The correct answer is E.
Approximately one third of patients with panic disorder have chronic, persistent symptoms—and the majority of these patients have treatment-resistant panic.
While clinical guidelines tend to rank benzodiazepines as second- or third-line antipanic agents, this is primarily because of concerns about sedation, physiological dependence, psychological dependence, and the slight risk of benzodiazepine abuse/diversion, especially with longer-term use. In fact, benzodiazepines are similarly effective to antidepressants for panic disorder, and their panicolytic benefit is almost always sustained over the long term.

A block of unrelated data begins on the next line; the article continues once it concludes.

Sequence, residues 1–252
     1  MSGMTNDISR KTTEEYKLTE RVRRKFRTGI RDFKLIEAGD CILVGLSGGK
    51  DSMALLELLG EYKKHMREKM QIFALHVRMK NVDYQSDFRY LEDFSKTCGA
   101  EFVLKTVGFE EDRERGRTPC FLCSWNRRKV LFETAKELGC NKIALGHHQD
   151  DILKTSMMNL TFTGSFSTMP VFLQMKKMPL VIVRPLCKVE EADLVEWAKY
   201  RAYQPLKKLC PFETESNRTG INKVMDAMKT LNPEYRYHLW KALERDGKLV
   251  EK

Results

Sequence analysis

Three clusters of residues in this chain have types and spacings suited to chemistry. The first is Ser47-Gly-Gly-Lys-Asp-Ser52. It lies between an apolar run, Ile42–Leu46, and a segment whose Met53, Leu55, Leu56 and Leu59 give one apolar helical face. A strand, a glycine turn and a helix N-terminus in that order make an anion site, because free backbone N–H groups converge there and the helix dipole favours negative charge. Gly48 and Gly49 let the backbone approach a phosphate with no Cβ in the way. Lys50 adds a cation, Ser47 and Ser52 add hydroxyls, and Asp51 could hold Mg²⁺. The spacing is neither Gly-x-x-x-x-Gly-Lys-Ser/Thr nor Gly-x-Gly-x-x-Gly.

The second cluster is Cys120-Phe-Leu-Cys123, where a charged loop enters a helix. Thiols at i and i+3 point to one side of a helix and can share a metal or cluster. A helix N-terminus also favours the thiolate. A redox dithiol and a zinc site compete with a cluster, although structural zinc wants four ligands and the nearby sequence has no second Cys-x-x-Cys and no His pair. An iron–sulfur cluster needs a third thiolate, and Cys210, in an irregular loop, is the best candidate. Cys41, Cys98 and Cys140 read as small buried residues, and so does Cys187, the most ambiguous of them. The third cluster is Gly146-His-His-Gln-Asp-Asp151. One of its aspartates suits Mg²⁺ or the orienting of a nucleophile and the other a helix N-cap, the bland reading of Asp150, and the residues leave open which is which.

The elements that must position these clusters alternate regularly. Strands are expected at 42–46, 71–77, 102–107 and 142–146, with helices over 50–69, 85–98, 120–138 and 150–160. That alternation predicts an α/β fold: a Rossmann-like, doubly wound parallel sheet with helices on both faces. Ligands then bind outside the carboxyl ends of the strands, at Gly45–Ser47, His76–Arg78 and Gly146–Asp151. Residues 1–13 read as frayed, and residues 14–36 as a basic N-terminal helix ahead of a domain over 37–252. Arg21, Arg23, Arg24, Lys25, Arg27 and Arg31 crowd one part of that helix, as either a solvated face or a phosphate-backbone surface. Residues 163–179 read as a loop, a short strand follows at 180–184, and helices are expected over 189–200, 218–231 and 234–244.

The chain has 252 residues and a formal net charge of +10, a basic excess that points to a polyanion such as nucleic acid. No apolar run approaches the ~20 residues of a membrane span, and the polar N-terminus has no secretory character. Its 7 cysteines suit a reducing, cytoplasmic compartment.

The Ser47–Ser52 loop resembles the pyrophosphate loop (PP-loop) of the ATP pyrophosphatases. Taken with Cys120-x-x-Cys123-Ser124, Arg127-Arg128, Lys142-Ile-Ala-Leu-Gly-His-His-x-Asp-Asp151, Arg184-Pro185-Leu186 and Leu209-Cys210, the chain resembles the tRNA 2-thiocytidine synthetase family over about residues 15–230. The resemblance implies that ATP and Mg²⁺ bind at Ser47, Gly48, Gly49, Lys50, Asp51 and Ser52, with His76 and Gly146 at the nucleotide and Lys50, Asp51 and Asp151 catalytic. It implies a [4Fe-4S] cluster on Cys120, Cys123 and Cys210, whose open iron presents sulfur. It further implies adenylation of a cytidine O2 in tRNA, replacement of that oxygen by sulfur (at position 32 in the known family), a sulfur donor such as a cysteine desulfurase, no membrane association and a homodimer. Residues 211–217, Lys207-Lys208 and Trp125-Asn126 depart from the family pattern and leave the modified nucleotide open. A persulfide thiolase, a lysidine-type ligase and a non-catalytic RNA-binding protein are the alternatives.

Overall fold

Adverse effects such as sedation and incoordination are most apparent in the initial weeks of therapy, and this is when the risks for operating heavy machinery and driving are elevated. Thereafter, tolerance to the sedative effects occurs.
Benzodiazepines may have a long-term tolerability edge over the SSRIs, SNRIs, and TCAs, as they do not cause weight gain or sexual dysfunction. Generally, high-potency, shorter half-life benzodiazepines are preferable because of their more predictable pharmacokinetics and simpler metabolism. Regular dosing (vs PRN) is recommended to achieve optimal anxiolysis.
For more on this topic, see Treatment-Resistant Panic Disorder, on which this quiz is based.